Researchers from Newcastle University’s institute for ageing and health have found that doctors are misdiagnosing up to a third of suspected cases of ME.
ME (myalgic encephalomyelitis) is a chronic fatigue illness that affects around 250,000 people in the UK. It is notoriously difficult to diagnose due to the absence of reliable tests.
According to lead researcher, Professor Julia Newton, around 80,000 people thought to be suffering with ME are in fact living with a completely different condition called postural tachycardia syndrome (PoTS).
PoTS is an abnormality in the nervous system which can be easily treated via lifestyle changes and a range of medication including beta blockers.
Newton says that doctors often fail to distinguish between PoTS and ME because little is known about the causes of the illnesses.
Health professionals also rely heavily on the assessment of symptoms to diagnose ME and may confuse PoTS symptoms with signs of chronic fatigue.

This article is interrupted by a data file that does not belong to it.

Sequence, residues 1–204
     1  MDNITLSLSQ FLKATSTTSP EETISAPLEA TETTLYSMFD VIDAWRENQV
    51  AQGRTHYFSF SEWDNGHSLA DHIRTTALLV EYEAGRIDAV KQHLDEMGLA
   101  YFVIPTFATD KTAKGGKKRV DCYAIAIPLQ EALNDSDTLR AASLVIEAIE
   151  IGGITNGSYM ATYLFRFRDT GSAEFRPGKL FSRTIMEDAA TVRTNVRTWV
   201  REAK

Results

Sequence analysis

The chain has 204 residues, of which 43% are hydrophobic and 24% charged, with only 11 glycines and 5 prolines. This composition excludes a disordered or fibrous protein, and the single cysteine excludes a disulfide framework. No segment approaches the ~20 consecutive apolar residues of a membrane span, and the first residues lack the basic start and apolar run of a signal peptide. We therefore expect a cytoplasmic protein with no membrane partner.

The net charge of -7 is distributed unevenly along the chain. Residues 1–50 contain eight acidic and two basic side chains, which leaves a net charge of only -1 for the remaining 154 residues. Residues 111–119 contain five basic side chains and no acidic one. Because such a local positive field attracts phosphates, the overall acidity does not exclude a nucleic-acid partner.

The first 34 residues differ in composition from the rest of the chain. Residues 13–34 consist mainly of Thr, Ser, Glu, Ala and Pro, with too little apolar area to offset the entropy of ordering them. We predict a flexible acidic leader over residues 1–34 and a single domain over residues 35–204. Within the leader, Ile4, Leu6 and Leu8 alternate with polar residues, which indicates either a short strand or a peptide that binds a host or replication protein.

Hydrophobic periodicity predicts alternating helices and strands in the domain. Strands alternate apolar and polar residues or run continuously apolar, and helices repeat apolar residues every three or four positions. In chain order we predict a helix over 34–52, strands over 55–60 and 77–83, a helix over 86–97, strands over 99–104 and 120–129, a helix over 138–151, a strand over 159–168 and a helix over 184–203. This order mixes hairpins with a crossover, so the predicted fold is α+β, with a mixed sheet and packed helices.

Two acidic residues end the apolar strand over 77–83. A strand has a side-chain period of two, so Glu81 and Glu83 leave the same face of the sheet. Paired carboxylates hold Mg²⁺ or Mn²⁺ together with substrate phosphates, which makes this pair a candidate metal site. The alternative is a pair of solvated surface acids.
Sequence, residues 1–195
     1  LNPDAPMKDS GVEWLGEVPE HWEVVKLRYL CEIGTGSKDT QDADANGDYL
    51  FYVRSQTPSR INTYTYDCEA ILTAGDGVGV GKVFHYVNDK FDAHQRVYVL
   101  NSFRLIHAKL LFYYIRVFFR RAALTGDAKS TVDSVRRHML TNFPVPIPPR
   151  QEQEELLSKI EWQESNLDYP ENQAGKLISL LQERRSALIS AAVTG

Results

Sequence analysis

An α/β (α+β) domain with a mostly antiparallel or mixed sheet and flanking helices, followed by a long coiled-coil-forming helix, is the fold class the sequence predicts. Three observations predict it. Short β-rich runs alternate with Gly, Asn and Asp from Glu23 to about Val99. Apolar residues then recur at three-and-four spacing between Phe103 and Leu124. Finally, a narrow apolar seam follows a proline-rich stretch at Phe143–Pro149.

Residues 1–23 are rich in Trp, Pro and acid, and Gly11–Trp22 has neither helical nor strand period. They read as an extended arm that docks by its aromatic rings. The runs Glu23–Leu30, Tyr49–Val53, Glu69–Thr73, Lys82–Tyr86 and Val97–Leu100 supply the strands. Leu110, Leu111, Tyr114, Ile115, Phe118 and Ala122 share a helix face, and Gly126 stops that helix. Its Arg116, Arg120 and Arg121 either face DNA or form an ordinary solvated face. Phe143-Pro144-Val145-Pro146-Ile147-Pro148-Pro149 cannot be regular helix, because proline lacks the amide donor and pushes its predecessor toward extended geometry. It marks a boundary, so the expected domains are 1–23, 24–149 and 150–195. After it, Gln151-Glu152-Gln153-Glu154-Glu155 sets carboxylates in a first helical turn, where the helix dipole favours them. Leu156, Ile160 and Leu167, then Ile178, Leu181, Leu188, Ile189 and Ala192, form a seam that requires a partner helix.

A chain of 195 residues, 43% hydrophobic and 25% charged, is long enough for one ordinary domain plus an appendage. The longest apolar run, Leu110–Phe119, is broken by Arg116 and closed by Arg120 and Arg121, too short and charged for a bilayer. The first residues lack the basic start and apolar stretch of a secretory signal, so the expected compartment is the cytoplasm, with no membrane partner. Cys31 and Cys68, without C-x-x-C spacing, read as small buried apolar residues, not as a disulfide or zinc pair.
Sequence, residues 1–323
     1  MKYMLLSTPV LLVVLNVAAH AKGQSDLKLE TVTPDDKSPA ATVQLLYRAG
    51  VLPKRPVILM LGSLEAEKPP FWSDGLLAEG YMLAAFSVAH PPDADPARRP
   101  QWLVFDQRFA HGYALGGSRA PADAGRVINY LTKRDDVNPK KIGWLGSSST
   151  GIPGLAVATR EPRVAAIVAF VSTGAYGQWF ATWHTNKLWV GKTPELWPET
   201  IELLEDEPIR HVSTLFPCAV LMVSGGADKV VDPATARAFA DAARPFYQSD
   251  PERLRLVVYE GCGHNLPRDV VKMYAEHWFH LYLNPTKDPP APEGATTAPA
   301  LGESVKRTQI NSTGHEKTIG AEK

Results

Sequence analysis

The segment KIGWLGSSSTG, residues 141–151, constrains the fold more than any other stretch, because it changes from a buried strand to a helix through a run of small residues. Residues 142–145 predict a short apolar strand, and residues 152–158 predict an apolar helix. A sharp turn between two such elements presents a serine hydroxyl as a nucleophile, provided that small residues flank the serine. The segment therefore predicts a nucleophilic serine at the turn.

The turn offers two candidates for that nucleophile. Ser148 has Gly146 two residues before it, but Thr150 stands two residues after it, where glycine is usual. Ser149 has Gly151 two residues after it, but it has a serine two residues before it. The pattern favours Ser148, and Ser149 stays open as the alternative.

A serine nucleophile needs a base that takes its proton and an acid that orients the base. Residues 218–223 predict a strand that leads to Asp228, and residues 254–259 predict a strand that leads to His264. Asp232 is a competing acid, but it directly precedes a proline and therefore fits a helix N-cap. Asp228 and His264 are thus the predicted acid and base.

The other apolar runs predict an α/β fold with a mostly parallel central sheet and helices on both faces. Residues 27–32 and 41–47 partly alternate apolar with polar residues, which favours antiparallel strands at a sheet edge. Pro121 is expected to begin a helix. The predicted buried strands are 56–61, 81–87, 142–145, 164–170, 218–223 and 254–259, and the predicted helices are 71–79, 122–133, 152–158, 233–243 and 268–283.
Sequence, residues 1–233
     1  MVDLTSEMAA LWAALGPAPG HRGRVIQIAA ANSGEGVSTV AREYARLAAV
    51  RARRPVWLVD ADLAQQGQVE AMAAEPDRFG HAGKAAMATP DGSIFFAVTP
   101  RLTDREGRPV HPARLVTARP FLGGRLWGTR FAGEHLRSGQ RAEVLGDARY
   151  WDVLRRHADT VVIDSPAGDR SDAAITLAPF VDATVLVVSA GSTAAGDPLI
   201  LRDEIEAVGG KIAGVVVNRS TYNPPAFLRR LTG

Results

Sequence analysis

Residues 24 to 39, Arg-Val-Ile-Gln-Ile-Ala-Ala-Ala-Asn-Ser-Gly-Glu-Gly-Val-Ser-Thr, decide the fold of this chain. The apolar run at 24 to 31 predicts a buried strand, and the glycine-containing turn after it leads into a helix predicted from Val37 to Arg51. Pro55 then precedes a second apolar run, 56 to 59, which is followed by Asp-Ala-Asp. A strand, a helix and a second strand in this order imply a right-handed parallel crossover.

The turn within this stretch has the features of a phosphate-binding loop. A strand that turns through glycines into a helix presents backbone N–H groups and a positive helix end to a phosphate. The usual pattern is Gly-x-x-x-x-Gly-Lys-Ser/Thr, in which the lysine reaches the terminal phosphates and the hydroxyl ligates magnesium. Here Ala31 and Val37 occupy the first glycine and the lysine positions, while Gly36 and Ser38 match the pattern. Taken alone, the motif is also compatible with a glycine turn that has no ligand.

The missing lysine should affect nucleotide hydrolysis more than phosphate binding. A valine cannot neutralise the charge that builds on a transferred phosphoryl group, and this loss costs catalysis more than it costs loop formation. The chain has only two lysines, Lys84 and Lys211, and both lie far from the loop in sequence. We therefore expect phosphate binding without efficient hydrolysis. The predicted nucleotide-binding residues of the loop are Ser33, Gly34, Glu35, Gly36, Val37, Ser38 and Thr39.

“I would think that around one third of people with chronic fatigue syndrome, if they were properly tested, would have PoTs,” Professor Newton said.
“PoTS is an abnormal response of the nervous system, but it is a spectrum, so some people will feel dizzy on standing, while others will actually black out.”
ME symptoms on the other hand tend to be more persistent, and some people affected will be bed-bound due to their extreme fatigue.
Doctors usually classify the illness via signs of sudden tiredness lasting more than six months that cannot be explained by anything else such as excessive exercise or hard work.
Although there is no cure, patients can receive medication to alleviate muscle aches and pains and are often encouraged to have therapy.
Sonya Chowdhury, chief executive of the charity Action for ME, said: “The findings are really interesting. We know that misdiagnosis is a big issue and are aware of the association with PoTS.
“GPs and other healthcare professionals regularly tell us about the difficulty they have in diagnosing ME and the need for much more research into and education about the nature of ME.”
Hypnotherapy is commonly used in addition to medical treatments to help ME sufferers cope better with their symptoms, while addressing various side effects of the illness, including low self-esteem and stress. To find out more about how hypnotherapy can help, please see our Chronic Fatigue Syndrome page.
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